17. Like some, started pretty fast by my standards but became a bit slow on things like KENTLEDGE and MARMOREAL, and ended in 23 minutes. I never understood PATRIOT and still don’t really: no doubt there are two sentences where ‘caught up in’ and ‘at’ are interchangeable, but I can’t think of an example.
    1. The dictionary helps here – at work or at play.

      I’ve amended the blog accordingly.

      1. I’m still not really convinced: if you’re caught up in work are you at work? And if you’re caught up in play are you at play? Being caught up in something suggests to me a bit more than a mere statement of where you are.
        1. The preposition is not being used locatively in this sense, so ‘at work’ does not (in this sense) mean ‘at the office’; it means ‘engaged in.’ You could be in the garden. ‘At play’ is even more clear, since there is no equivalent of ‘office’ where the child might be – especially in the modern flat with no playroom.
    2. I read the whole thing together: ‘caught up in civil unrest’ = AT RIOT. It would be quite hard to attend a riot without getting caught up in it.
      1. That’s an interesting distinction Keriothe. I believe that some of the “PATRIOTs” who attended the proceedings in DC on January 6th 2021 are claiming they were at them but not in them.
      2. I’m not sure that really works as a phrase; ‘part of a riot’ maybe. Needs an article (definite or indefinite), anyway.

        Edited at 2022-04-11 03:50 pm (UTC)

        1. We see this sort of truncated grammar all the time. Yesterday we had a similarly omitted article in ‘reaction from drunk’ to indicate HIC. Today we have ‘the Spanish’ to indicate EL, which is very common and even more elliptical!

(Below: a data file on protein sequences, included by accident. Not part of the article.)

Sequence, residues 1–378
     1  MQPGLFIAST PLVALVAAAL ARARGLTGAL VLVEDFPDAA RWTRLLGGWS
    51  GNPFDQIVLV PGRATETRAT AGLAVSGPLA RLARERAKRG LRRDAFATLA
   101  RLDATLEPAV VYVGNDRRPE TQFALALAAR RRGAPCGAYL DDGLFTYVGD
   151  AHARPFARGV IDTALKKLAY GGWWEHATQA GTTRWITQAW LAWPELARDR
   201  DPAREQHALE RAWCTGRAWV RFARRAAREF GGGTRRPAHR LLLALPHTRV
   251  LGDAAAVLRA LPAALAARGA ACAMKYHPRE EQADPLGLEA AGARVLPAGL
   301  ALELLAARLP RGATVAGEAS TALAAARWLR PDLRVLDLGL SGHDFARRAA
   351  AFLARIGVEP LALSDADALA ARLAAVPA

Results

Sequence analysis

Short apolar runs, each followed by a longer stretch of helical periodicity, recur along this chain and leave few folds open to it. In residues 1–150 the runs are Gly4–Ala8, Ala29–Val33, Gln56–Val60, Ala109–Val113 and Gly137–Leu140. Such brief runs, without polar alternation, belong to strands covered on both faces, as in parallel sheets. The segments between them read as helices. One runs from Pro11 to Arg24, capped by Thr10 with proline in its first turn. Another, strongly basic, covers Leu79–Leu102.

You might argue it could have done with a question mark.
  18. Kentledge seemed so unlikely as a word, that I worked to get the remaining crossers before putting it in. I had heard of Marmoreal, but began badly by trying for Moremareal, before common sense kicked in. LOI was Wand, as I was looking for a 5-letter chap ending in Y rather than a 4-letter one. But completed pretty quickly even for a Monday.
  19. 3m 33s for my second fastest time ever – with lots of biffing, and coming here to discover the parsing. The LIST of GLISTEN was obscure, and I was surprised to see ‘advert’ as a verb, but given it was Monday I didn’t want to think too hard about anything that seemed a bit odd. KENTLEDGE and then SATINETTE were my last two, both unknown but fairly nicely clued.
  20. Very Mondayish even with some slightly obscure vocab, notably KENTLEDGE and ERELONG, but both very generously clued. Combined with QC time of 3:29 to make comfortable sub-10 “double”, perhaps my fastest ever at 8:34 … not that that will be scaring the real speed merchants. Thanks to setter(s) and blogger(s).